What’s in a Name?


Depiction of the role of the Freedman’s Bureau, Harper’s Weekly, July 25, 1868.

Depiction of the role of the Freedman’s Bureau, Harper’s Weekly, July 25, 1868.

From Russ Smith:

A commonly held belief, one that has been challenged recently, is that newly freed slaves, having no surnames of their own, adopted the surnames of their final master. One explanation given in the classroom and elsewhere is that “Carter’s William” easily became “William Carter.” luckily, there are now some local records easily accessible on-line to test whether slaves in one area actually did adopt their final master’s name.

On March 19, 1866 Col. Orlando Brown, the assistant commissioner in Virginia of what is commonly called the Freedman’s Bureau, ordered that a register be created of the names of freedmen “cohabitating together as man and wife.” The register contains not only the surnames of each individual, but also the names of the former masters of each. There are some 1,756 freedmen’s names (if I counted correctly.)

The results of reviewing the names in the register were revealing. Not only did freedmen not usually take the name of their former master, they almost never did. Of the 1,756 names reviewed, only 27 or 1.5% are the same as the final master. If some of the matches are only coincidental, that lowers the number further yet.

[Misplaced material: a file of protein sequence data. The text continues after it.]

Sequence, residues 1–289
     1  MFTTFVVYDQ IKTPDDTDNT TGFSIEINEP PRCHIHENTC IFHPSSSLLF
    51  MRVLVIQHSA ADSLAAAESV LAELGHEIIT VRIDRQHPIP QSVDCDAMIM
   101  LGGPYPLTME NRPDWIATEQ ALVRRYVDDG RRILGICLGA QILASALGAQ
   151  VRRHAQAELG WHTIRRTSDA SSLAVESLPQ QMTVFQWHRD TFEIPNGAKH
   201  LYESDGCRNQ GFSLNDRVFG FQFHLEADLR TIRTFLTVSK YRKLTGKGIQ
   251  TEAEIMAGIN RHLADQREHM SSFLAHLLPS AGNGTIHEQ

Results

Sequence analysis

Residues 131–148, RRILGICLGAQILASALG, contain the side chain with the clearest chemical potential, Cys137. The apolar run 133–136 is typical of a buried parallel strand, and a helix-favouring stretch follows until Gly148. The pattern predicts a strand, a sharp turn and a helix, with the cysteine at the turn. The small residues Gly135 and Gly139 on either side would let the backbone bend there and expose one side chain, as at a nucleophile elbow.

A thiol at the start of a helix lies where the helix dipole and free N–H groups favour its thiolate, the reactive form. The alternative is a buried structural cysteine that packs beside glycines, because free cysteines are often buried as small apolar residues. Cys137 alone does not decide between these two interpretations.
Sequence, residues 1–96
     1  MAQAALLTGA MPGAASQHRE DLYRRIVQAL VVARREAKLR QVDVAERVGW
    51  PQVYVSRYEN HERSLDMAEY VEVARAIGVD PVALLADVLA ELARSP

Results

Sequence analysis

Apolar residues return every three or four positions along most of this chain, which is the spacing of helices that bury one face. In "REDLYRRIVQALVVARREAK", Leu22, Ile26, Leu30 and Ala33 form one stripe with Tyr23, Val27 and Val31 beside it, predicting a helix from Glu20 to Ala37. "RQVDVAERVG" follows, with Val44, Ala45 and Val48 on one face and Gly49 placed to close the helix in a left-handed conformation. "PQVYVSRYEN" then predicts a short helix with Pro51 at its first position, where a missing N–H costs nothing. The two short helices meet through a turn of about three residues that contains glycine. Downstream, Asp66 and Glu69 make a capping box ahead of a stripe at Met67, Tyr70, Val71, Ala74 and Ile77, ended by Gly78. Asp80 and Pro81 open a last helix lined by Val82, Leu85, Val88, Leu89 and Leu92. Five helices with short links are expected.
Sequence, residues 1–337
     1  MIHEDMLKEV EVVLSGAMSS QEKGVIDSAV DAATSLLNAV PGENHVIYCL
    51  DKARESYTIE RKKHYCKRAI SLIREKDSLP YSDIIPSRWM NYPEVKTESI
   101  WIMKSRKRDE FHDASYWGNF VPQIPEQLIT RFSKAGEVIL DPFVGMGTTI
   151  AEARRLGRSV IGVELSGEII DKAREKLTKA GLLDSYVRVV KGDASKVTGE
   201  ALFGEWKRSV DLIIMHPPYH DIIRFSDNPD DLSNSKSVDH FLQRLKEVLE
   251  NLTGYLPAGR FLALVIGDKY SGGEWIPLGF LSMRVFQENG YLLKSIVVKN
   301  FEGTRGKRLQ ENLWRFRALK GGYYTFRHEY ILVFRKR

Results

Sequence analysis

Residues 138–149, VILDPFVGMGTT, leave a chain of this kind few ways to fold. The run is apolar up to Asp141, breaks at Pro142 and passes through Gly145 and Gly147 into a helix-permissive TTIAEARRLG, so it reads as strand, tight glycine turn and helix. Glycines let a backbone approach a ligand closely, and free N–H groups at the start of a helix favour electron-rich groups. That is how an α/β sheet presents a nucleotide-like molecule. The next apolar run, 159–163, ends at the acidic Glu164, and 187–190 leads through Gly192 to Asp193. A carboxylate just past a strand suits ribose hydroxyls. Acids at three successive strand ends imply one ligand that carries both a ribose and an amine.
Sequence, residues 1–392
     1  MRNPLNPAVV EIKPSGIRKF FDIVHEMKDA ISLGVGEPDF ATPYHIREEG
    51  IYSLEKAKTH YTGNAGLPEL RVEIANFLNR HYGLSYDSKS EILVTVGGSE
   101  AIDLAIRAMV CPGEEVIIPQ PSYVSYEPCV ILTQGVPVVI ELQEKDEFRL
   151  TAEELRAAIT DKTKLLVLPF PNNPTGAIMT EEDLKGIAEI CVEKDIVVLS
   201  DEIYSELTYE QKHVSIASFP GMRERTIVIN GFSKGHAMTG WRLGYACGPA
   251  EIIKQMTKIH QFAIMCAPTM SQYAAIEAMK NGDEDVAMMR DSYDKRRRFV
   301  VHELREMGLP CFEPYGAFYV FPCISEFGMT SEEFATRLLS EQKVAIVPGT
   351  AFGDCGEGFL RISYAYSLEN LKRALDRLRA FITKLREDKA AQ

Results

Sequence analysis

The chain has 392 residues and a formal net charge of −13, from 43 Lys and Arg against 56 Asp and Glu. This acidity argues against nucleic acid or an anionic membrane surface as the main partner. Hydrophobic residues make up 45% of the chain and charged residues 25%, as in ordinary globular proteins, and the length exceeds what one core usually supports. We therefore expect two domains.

This raises the question that, if the names didn’t come from the final master, where did they come from? A great number of the freemen’s names are the same as those of local white residents. Did the freemen choose these names when they became free or are these surnames that they carried before freedom came? Although official records seem to have only recognized one name for slaves, did they actually have first and last names? This practice is not unknown and may have been more common than we assume. Only further research will tell.